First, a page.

Last weekend, things didn’t look so great for Smash Bros.’ top player, Gonzalo “Zer0” Barrios. For a moment, it seemed like reigning champ might actually lose a tournament.

(I apologize for the auto-playing Twitch embeds below. You might want to scroll down and pause those before reading further.)

What you have to understand is, up to this point, Zer0 has not lost a any tournament he’s entered. That makes over 50 first place wins since November 2014. He was on such a hot streak, that earlier this year, players put a bounty on his head in the hopes of incentivizing someone to beat Zero. It never happened.

Throughout that entire run, the pressure has only been getting worse for Zero. Being the most visible player for the game has its toll, after all. Some people cheered Zero on, happy to see him win everything he entered. Others wanted nothing more for him to lose. By the time Paragon rolled around, Zero was reporting feeling burn out thanks to the endless number of hours he spent practicing. He dropped from the tournament, but promised he would be back for the next one—Big House 5. That was last weekend.

Going in, things still seemed a little uncertain for Zero. The Chilean player seemed depressed, and he even considered dropping the new tournament altogether:

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He decided to stick it out, though. Which leads us to one of the most noteworthy matches of the weekend, which surprisingly occurred during the “pools” stage of the tournament. Zero was to face off against Seagull Joe, one of the best Sonic players in the world—you can watch that match below, courtesy of Tourney Locator:

While Seagull Joe is known for being a good Wolf player back in Brawl, this wasn’t really the sort of match-up people were expecting to shake things up. Zero is the best player in the world, after all. And yet! Seagull Joe did surprisingly well against Zero here, much to the delight of spectators.

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“Of all the things I expected to see, I did not expect to see Zero day two dropping a game to Seagull Joe here,” one of the commentators said after Seagull Joe got his first win against Zero.

Midway through the second set, you can hear the crowd start to chant for Seagull Joe. “If Seagull Joe can take this, this crowd is gonna lose its mind,” a commentator said.

That’s exactly what happened.

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Zero was then knocked into the losers bracket.

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I can’t imagine what this must have been like for Zero. I assume it must have been hard, especially given everything up to that point. But as a spectator, seeing him in this position was, as funny as it is to say, genuinely exciting. Could someone else rise to the occasion, and finally take a tournament? Who could it be?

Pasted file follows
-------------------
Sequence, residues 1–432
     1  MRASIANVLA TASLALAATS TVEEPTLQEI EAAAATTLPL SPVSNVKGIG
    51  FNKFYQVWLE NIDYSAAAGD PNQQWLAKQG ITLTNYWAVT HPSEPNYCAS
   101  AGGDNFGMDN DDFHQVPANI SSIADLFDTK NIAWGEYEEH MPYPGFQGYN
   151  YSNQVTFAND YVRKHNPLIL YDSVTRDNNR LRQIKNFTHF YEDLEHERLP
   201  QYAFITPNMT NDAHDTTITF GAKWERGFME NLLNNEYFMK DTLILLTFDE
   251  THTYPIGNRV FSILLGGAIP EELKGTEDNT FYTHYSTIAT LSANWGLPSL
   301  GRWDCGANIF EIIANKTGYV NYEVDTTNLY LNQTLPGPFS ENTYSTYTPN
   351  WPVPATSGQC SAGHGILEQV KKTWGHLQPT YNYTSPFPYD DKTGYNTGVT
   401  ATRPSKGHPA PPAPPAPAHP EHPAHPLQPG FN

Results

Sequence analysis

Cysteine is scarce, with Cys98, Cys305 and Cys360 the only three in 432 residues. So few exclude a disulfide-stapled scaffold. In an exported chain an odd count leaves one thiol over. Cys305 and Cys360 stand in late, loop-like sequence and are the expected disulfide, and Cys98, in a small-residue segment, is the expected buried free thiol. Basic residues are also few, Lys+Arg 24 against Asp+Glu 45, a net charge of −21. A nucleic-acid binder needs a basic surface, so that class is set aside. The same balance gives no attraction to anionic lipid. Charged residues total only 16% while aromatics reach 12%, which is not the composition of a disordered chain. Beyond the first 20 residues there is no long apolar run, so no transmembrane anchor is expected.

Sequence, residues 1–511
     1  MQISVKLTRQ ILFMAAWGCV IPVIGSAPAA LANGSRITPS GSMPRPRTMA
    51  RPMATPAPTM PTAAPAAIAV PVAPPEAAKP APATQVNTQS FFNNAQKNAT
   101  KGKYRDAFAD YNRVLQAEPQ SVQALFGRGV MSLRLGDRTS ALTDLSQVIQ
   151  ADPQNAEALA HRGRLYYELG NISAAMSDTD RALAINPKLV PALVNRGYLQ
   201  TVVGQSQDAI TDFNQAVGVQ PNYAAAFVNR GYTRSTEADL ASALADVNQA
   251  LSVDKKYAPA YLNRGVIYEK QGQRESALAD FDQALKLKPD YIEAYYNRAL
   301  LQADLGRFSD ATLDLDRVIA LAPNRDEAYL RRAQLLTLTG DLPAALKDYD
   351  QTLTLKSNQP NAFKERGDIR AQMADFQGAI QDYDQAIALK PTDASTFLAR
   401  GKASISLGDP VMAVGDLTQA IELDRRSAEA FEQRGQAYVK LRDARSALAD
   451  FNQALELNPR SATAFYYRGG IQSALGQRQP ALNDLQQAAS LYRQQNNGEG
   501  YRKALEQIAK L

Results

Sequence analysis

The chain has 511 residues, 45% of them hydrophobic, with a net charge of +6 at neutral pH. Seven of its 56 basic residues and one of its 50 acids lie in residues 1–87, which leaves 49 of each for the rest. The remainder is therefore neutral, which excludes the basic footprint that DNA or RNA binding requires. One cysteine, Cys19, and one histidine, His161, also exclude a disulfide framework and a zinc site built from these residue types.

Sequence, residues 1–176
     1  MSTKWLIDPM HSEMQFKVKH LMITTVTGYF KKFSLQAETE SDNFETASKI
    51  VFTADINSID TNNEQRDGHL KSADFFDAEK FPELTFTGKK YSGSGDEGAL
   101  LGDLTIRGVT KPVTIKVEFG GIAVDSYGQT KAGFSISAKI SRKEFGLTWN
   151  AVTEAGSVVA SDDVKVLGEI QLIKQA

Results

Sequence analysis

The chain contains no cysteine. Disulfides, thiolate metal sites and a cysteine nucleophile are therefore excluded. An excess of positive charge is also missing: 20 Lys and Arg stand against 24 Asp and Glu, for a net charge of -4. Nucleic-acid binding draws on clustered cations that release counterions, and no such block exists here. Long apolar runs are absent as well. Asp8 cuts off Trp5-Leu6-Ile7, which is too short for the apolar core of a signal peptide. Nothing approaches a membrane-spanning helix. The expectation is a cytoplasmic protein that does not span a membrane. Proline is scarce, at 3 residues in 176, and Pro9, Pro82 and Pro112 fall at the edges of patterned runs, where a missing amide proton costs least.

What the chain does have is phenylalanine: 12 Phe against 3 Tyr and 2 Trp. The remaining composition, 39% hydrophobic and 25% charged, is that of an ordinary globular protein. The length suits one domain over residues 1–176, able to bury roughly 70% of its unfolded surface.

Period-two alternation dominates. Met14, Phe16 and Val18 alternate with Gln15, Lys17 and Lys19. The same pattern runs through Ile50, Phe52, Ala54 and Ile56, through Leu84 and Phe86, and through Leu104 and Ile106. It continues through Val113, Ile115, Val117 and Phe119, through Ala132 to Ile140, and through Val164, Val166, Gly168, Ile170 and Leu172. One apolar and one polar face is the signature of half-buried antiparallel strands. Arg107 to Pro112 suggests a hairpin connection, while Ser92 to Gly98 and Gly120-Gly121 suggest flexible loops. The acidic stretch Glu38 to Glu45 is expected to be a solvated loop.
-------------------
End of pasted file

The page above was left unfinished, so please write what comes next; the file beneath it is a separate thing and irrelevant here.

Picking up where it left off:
It would have been a mistake to count Zero out, though. Instead what happened was one of the most awesome comebacks in Smash Bros. 4 history. According to Smashboards, Zero ended up tearing his way through the losers bracket, winning against players such as MVD, Static Manny, Wizzrobe, Ally, PG ESAM, Zenyou, Rayquaza, Anti, and Dabuz. It was a sight to behold.

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Zero eventually worked his way back up to the Grand Finals. Normally his presence there wouldn’t be particularly noteworthy—if you keep up with Zero, you come to expect it, really. He’s the best in the world and all. But this was different. Zero’s claim to the throne didn’t seem like a given. He had to fight his way there.

His opponent was none other than his rival Nairo, another top Smash Bros. 4 player. Zero would have to win six entire games to take the crown. Nairo, on the other hand, only needed three. It seemed like it could go either way.

You can watch the showdown starting at 4:46:00 mark here, courtesy of VGBootCamp....Zero was playing as Sheik, and Nairo played Zero Suit Samus.

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It was close! Nairo got the first set, prompting the commentators to wonder if he could take the gold. Zero followed that up with a win of his own—and the crowd responded with chants for Nairo. Nairo, as if powered by the crowd, ended up landing a savage spike against Zero in the third set, ultimately winning that one on the whole. The crowd started heating up, and hilariously, the stream went down at that very moment—leaving many viewers on Twitch freaked out. Was the world going to miss this potentially historic match?

Thankfully, the stream did come back online, and you can watch the second segment of the Grand Finals here.

Overall, it was a tense match-up. It helps that the crowd was lively—nearly every stock got a reaction—and that both Shiek and Zero Suit Samus are fast, fierce fighters. The entire thing was a joy to watch. I cheered when Zero landed the final blow; it was hype as hell—even though, yes, it was Zero winning everything yet again. It was different this time, though. Zero’s win wasn’t a given—and that made things all the more interesting.

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